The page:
Mark-Zuckerberg. File / Reuters
Elaine Ou, Tribune News Service
Mark Zuckerberg, Facebook’s chief executive, testified about his company’s cryptocurrency project at a hearing held by the House Financial Services Committee. In his testimony, Zuckerberg tried to reassure Congress that Facebook’s Libra cryptocurrency would square the circle between financial inclusion and regulatory adherence, consumer privacy and proactive fraud detection. The one thing he didn’t manage to address is whether the world really wants a crypto offering from the social media giant.
Cryptocurrency has acquired an unseemly status where any use is automatically assumed to have nefarious ends. It doesn’t help that the most prominent example, Bitcoin, has been implicated in some horrific criminal conduct. At the same time, a lack of mainstream adoption gives cryptocurrency few redeeming advocates. No surprise, then, that regulators regard Facebook’s proposal with suspicion.
It’s not that legitimate businesses don’t want crypto; it’s that their customers don’t want to use it for payment. When buying stuff on the internet, consumers will choose the payment method that imposes the lowest transaction cost on themselves — that’s generally the credit card option, which allows deferred payment as well as the accrual of miles or points. An online business that refuses to accept credit cards will always lose out to a competitor that does.
But what if you don’t have any competitors? Facebook enjoys quasi-monopoly status when it comes to consumer attention, controlling the reach and distribution of content across its network of users. (So far, 46 attorneys general have joined a New York-led antitrust investigation of the company and its dominance as a social media platform.)
As the driver of over one-fourth of web traffic, Facebook has a lot of influence over who sees what on the internet. And with over 2.3 billion monthly active users around the world, it’s not a stretch to imagine that the company could have similar influence over who pays whom, and how.
Mark Zuckerberg’s Congressional testimony makes it clear that he takes inspiration from China, where WeChat serves as a one-stop portal to the greater internet. There, users conduct their banking, shopping, and bill payments without ever leaving the app. The ability to control users’ economic interactions comes with the privilege of deciding the medium of exchange. If it follows suit, Facebook may end up looking like another familiar monopolist — our own government, which creates the national currency we use to pay our taxes.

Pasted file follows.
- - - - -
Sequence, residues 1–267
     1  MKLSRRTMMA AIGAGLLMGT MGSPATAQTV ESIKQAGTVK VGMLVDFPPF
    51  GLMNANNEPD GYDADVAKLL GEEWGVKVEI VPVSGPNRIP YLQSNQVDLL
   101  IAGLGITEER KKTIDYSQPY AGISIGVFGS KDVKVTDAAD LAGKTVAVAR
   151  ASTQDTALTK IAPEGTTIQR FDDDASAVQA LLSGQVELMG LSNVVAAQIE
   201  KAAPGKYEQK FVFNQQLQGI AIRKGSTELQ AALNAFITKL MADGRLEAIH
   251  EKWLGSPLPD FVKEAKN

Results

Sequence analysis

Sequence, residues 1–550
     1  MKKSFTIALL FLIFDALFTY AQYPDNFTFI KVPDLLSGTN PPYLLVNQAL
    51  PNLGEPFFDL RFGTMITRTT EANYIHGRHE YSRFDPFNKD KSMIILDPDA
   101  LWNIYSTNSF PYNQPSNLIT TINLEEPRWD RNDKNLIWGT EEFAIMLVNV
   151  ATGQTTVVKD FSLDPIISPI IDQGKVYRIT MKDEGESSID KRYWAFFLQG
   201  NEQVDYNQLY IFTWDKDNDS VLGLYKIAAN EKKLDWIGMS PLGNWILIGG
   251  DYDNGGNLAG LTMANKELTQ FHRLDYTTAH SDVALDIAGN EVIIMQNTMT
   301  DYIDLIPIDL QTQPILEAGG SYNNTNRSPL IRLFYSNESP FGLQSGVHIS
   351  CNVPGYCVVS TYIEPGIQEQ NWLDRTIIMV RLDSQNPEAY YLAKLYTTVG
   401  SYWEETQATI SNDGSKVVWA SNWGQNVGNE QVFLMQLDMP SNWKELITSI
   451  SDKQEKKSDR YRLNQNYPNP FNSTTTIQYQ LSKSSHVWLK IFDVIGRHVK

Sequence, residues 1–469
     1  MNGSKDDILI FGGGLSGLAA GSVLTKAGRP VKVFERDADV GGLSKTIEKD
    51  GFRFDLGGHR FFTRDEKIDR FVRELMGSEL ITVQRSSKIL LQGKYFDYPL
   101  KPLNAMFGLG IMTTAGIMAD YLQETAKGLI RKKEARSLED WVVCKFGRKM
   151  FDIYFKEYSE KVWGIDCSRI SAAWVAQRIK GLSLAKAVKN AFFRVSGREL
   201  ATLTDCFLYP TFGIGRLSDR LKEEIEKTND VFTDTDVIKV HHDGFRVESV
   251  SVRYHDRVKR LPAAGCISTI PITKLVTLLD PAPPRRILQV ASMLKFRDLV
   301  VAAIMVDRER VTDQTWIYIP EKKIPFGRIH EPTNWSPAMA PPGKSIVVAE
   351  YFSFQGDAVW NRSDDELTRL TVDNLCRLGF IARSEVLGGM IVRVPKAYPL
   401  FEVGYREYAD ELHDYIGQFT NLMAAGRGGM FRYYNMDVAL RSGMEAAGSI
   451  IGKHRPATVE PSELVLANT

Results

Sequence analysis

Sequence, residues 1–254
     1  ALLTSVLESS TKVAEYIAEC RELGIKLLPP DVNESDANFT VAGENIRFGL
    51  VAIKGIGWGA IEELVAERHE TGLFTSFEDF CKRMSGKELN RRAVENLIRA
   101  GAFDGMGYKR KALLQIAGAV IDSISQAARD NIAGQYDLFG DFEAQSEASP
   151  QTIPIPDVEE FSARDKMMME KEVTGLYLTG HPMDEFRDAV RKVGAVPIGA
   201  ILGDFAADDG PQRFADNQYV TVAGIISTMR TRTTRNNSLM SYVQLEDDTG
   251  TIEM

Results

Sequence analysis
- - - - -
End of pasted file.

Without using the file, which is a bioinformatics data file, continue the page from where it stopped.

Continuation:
It’s no wonder regulators and central banks view the Libra project as a threat to the international monetary system. In a recent report, the G7 Working Group warns that global cryptocurrencies could undermine cross-jurisdictional efforts to combat illicit finance.
In a competitive market, those who disagree with Facebook’s terms could simply take their business elsewhere. The Libra Association currently includes twenty-one member companies, after some early members dropped out. If Facebook mimics WeChat in establishing itself as a go-to payment portal, those former members may have no choice but to return to the cartel.
Global regulators are so worried about preserving their own monopoly status that they’ve forgotten that monopolies have victims. Just look at what Facebook did to publishers. When Facebook emerged as the arbiter of eyeballs, publishers lost control of their audiences and ad revenue, and consumers ended up with a barrage of clickbait. If Facebook disintermediates the banking system, it could take control of the economic relationship between businesses and their customers, with greater restrictions on financial transactions than ever before. It’s almost enough to make you wish for a decentralised currency.
Nearly $20 million went toward security for Zuckerberg and his family, up from about $9 million the year prior. Zuckerberg also received $2.6 million for personal use of private jets, which the company said was part of his overall security programme.
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